* Euro falls vs firmer dollar as risk appetite fades
* Euro/yen pulls away from previous day’s 18-month high
* Dollar/yen pauses after hitting 29-month peak
By Anooja Debnath
LONDON, Jan 3 (Reuters) - The dollar hit a three-week high against a basket of currencies while the euro plumbed its lowest level since mid-December on concerns that further U.S. budget wrangling could lie ahead.
Initial optimism about a deal to avoid steep U.S. tax rises and spending cuts late on Tuesday pushed down the dollar, particularly against riskier and growth-linked currencies. But the euphoria quickly faded as worries about future budget talks re-emerged.
This gave the U.S. currency a lift, taking the dollar index as high as 80.229, its strongest since Dec. 11. The dollar is often favoured at times of market uncertainty and strategists said it could see further gains in coming weeks.
“The reality is that budget talks will continue for the next two months and could get sour,” said Jane Foley, senior currency strategist at Rabobank. “There could be a messy two months ahead and we see the dollar index reclaiming some ground.”
The dollar’s rise pushed the euro down 0.7 percent to a three-week low of $1.3082 after stop-loss sell orders were triggered below $1.3090, traders said. This took the euro well below a peak around $1.3300 hit on Wednesday.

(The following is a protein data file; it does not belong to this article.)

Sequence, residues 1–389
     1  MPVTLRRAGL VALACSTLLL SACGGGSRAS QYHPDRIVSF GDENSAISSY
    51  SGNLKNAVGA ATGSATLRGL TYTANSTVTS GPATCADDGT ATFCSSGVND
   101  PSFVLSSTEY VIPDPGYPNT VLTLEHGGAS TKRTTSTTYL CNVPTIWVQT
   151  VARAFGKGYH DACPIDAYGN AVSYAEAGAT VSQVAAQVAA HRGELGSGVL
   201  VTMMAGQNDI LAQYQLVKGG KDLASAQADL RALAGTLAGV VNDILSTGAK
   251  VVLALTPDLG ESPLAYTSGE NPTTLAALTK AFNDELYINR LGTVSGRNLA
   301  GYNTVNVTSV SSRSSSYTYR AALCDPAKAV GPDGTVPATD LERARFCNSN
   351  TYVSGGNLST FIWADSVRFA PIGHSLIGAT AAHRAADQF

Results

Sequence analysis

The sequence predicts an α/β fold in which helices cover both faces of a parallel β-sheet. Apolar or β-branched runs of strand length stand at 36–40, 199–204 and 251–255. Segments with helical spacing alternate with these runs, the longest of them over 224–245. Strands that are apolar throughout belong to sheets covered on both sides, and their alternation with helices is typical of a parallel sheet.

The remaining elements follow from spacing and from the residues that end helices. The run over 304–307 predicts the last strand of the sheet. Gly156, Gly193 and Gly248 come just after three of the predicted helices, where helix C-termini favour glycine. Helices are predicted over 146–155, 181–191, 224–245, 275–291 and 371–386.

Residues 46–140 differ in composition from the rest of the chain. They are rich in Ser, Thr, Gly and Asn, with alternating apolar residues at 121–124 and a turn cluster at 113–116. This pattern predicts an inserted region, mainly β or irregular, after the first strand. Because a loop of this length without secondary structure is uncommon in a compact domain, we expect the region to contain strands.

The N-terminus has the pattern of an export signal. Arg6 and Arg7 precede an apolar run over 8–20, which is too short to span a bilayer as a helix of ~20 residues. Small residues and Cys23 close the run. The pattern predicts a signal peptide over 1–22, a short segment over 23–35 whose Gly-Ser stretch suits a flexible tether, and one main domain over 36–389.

Highlighting market concerns that the deal left key U.S. deficit issues unresolved, ratings agency Moody’s Investors Service said the United States needed to do more to protect its Aaa debt rating.
Strategists also said the current weakness in the euro could persist due to the weak fundamentals in the euro zone, on any fresh debt concerns in the currency bloc and increasing prospects of an interest rate cut by the European Central Bank.
The euro fell more than 1 percent on the day to 113.65 yen as investors took profits on its rise to an 18-month high of 115.995 yen hit on Wednesday.
“Euro/yen at around 115 levels was starting to look a bit overdone and the euro may actually lose ground against the yen in the coming weeks. It’s moved too far too fast,” said Colin Asher, senior economist at Mizuho Corporate Bank.
The low-yielding yen, which fell on Wednesday in the wake of the U.S. deal, recovered against the dollar but remained near a 29-month low and looked fragile on expectations the Bank of Japan will ease monetary policy further.
The dollar was down 0.6 percent at 86.82 yen after rising as high as 87.36 yen earlier on Thursday on trading platform EBS, its highest since late July 2010.
Over the past few weeks, the yen has weakened on expectations that a new Japanese government led by Prime Minister Shinzo Abe will push the BOJ into further monetary easing to beat deflation.
But Mizuho’s Asher said that although the dollar could extend its gains against the yen it would not “go in a straight line all the way up to 90 yen”.
“There has to be some pull-backs and periods when people think it is over-stretched.”
The yen is likely to remain vulnerable until the BOJ’s policy meeting on Jan. 21-22.